BANNER GRADE, Calif. (CBS 8) -- It's been more than 80 years since gold was mined commercially in Chariot Canyon east of Julian. Now, one of the area's top producing gold mines has been purchased by a group of investors.
One hundred years ago, the Golden Chariot mine was at the center of a Julian gold rush. It yielded close to $1 million in gold until 1931, when commercial mining came to a halt in Chariot Canyon near Banner Grade.
Today, no trespassing signs block access to the 26-acre property surrounding the Golden Chariot mine. Some modern buildings are still standing but the old mining equipment is rusting away.
Experts say all six levels of the Golden Chariot mine are now flooded with millions of gallons of water. Old timber in the rock tunnels is rotting away and some sections are collapsed where cave-ins block access to the deep mine shafts.
CBS News 8 recorded video inside the neighboring Hubbard mine in Chariot Canyon with tunnels similar in appearance to the Golden Chariot, only less flooded.
Local cave explorer Frank Hood took us inside for a look.
“The Hubbard mine has about five inches of water inside the tunnel. But in the Golden Chariot those tunnels are totally submerged; water comes totally to the top,” said Hood.
The Golden Chariot continued to operate on a small scale until 2002 when a wildfire raced through the canyon, destroying buildings and shutting it down for good.
For years, the property sat idle on the real estate market, listed at $250,000. Then, in April of this year, a group of gold exchange investors purchased the Golden Chariot for $150,000, real estate records show.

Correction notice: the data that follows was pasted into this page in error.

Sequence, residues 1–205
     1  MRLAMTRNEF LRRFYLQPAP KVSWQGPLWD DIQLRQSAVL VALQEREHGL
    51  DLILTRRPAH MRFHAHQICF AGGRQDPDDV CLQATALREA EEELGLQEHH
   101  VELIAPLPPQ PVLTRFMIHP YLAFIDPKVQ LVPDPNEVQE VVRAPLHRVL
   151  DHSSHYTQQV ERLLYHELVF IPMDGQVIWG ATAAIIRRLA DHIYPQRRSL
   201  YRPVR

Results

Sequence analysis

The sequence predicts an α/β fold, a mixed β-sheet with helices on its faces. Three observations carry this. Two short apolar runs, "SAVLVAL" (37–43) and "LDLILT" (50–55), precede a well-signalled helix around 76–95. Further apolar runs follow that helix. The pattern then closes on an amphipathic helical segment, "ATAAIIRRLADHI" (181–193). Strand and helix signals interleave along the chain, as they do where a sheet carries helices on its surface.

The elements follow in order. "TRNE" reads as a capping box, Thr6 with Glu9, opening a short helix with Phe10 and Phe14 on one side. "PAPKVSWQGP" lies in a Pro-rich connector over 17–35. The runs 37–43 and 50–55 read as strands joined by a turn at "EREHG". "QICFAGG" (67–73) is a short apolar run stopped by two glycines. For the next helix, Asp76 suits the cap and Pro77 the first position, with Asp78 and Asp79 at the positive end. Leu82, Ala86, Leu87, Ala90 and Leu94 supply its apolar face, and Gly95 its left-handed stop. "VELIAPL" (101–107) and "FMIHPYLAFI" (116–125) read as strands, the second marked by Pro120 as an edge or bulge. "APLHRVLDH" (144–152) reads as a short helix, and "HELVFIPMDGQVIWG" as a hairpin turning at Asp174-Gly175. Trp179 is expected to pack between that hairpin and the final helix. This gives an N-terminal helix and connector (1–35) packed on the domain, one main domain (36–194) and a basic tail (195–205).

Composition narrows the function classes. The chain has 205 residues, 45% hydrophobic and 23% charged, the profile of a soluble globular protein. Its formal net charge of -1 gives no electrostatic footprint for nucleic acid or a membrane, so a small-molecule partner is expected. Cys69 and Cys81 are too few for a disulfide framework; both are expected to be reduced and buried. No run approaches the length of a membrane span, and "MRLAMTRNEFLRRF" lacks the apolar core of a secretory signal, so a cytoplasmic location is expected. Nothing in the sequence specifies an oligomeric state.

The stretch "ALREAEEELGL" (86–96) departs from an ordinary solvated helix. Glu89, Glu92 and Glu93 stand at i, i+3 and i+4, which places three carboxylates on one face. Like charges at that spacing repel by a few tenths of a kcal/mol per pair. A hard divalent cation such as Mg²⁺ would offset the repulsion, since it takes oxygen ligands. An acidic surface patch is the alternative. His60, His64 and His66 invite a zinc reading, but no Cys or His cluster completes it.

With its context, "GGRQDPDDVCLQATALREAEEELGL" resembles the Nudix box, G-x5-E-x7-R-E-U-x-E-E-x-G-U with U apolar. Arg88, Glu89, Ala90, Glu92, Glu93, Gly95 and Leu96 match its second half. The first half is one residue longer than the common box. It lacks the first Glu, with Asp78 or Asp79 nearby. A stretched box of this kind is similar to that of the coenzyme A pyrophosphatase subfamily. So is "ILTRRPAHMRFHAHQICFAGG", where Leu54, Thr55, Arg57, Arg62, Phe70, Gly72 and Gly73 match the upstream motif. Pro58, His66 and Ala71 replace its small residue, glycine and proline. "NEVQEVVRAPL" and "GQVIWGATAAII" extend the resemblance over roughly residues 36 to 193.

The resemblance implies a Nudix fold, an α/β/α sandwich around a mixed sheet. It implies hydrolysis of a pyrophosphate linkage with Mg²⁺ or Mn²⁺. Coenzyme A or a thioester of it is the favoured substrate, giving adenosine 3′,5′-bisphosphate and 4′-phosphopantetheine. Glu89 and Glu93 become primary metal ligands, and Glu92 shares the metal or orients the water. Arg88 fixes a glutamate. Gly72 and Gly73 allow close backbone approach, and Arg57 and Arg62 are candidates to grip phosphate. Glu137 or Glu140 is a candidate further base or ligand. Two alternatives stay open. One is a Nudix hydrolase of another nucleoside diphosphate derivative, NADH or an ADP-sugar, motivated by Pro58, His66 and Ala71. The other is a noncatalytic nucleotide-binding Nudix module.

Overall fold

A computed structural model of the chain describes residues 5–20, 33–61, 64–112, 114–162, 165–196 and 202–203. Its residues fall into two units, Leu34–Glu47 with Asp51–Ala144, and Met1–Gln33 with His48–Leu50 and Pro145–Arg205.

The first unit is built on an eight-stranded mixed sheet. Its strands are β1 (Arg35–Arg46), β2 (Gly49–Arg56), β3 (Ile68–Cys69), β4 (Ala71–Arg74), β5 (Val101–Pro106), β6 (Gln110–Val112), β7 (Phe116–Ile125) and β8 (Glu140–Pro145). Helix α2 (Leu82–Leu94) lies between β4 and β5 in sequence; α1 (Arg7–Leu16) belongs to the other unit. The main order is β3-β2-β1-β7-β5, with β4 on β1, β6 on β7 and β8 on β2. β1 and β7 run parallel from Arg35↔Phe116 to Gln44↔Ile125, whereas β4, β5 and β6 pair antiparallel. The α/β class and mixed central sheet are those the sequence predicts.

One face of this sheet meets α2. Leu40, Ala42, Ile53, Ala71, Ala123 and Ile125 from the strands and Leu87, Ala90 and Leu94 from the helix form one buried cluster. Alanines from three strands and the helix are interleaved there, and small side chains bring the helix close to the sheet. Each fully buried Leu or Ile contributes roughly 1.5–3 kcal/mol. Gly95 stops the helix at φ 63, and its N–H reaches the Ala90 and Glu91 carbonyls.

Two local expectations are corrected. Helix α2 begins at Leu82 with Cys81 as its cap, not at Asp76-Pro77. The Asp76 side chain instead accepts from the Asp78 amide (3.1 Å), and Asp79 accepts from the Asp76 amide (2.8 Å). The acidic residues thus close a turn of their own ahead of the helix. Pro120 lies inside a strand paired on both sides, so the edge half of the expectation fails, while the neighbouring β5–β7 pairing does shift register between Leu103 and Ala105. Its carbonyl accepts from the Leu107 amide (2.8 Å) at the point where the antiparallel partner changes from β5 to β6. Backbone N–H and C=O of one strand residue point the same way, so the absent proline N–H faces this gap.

None of the new investors wanted to be interviewed on camera by CBS News 8 but two of the three owners spoke to us by phone.
Parviz Firouzgar, Stephen Kent and a third unidentified partner are all associated with the AAA Gold Exchange firm based in Orange County.
“We have a cash for gold business. But the cash for gold business -- the whole industry -- is in rapid decline because gold prices have gone way too low,” said Firouzgar.
“We've been looking to diversify and about a year ago this mine just came up on our radar,” he said.
Firouzgar told CBS News 8 that the partners are in the process of cleaning up the property and pumping out water from the underground mine shafts.
“The shafts are completely filled with water and those shafts go 400 feet under the ground. We have to drain the water first and see what's down there.” Firouzgar said.
“Draining this mine is quite an engineering challenge because the main shaft was covered by a building and during the 2002 fire the building collapsed into the shaft. We've done a little bit of draining but we only got so far because then it was all debris blocking the shaft.”
A team of engineers is now surveying the Golden Chariot mine, inside and out, to determine whether it can once again be mined for gold.
But if their search for gold doesn't pan out, the owners say the property could be turned into a historical landmark and operated as a tourist attraction; or even be used to raise endangered desert tortoises.
“I guess they get sold to zoos,” said Firouzgar. “We like the idea of using the property in some sort of productive and positive sense. And, if the desert tortoise is an endangered species and our property is ideal for that, that's definitely something that's attractive as long as it can pay for itself and make a little bit of money.”
Firouzgar said it will take a long time to find out if the Golden Chariot can shine again as a mining operation.
“If we just do this ourselves as hobbyists not a whole lot is required. But if we send people down there as employees into the mine, well, then you have OSHA (Occupational Safety and Health Administration) issues, you have all kinds of issues that need to be handled,” he said.
Still, the prospect of the Golden Chariot being reopened has historians and cave explorers excited.
“If they got the money to buy it more power to them,” said Hood, the local explorer.
“It's a lost art form,” Hood said. “This kind of mining, with the blasting out of the rock and putting up timbers; it's part of the history of the area.”
YouTube: Flooded Mine Exploration: The Hubbard Mine